I have certainly seen a full on board of Senna's last lap - it's on the FIA 94 season review. Cut just before the accident - I assume for reasons of good taste.

That wasn't broadcast continuously at the time, so one assumes the footage exists - or at least did.
Yes this is correct.

The camera on Senna's car would be running and recording for the whole race up until the accident. As the accident was on the right hand side of the car the camera would have been safe from being destroyed as it was on the left side of the car.

The BBC and Eurosport had a shot of Senna heading down toward Tamburello before moving into Schumacher's behind shot of Senna before the car then darts to the right.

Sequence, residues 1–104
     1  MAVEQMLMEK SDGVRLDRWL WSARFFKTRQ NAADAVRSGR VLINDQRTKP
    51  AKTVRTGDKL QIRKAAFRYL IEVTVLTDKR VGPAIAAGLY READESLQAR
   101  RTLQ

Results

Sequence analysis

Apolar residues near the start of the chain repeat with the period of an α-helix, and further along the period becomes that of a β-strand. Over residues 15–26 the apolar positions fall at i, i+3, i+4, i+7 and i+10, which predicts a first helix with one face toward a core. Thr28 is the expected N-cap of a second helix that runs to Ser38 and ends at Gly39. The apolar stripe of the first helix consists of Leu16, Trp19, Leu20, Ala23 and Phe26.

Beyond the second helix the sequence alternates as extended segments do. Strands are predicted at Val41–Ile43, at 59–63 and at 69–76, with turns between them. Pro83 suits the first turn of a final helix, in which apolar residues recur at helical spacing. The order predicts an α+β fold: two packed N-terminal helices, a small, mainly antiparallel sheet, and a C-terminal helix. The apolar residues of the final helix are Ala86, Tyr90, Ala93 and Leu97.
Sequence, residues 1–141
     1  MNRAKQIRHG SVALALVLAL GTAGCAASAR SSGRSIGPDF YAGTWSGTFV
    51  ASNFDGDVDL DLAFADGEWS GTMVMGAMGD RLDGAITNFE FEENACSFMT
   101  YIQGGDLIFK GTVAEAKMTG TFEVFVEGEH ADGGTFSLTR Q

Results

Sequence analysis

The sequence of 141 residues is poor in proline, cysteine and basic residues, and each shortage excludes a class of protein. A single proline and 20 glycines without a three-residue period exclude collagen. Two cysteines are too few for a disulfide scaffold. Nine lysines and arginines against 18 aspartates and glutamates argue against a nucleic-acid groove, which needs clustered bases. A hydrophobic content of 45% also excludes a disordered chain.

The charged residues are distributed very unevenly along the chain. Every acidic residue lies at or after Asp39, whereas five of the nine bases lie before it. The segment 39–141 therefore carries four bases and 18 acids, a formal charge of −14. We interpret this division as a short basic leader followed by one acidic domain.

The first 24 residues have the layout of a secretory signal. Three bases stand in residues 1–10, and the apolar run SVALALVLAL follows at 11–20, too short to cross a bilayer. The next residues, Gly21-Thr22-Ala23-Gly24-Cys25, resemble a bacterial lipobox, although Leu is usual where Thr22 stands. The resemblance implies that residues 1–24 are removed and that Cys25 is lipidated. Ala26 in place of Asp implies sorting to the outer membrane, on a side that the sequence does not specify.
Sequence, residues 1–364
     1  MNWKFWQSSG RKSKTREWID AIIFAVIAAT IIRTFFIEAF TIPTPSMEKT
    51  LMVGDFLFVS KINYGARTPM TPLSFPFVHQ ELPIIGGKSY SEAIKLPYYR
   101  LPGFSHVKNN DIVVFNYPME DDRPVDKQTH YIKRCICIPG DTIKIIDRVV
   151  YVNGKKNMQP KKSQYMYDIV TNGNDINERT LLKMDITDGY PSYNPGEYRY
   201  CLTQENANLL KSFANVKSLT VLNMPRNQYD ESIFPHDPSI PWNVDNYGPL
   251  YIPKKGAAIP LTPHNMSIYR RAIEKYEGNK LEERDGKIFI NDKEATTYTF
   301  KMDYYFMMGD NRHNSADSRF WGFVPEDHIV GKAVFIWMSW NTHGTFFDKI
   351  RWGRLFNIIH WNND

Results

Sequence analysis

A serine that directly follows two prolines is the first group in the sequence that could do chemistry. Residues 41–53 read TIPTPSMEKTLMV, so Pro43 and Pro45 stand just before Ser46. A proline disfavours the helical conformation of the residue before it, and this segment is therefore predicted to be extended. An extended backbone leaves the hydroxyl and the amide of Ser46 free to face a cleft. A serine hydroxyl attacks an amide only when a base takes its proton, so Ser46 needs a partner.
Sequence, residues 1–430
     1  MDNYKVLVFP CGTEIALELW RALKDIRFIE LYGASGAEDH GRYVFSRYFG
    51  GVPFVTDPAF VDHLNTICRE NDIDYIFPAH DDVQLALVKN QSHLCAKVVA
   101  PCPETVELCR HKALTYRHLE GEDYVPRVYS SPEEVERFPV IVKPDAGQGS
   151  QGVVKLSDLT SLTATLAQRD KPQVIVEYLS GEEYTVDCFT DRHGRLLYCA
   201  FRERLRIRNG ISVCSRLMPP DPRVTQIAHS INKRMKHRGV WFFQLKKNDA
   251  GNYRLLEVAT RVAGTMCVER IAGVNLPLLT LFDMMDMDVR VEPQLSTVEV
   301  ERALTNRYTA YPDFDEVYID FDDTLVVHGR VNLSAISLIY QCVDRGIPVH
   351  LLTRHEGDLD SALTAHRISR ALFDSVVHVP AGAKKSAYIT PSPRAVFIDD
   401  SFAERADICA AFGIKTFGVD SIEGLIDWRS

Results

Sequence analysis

The footage of Senna on board was used while Senna was behind the safety car but not used again during the race.

The whole final lap and a half of Senna's life was recorded in full which as mentioned stops just when Senna's car head towards the wall.

It is situations like this which causes the doubt in peoples minds.

Full footage of the BBC and Eurosport feed which was obviously shown around the World.

http://www.dailymotion.com/video/xqgqy9_formula-1-...


Edited by ELUSIVEJIM on Wednesday 11th January 13:58

The Surveyor

4,023 posts

150 months

Wednesday 11th January
quotequote all
ELUSIVEJIM said:
Vocal Minority said:
I have certainly seen a full on board of Senna's last lap - it's on the FIA 94 season review. Cut just before the accident - I assume for reasons of good taste.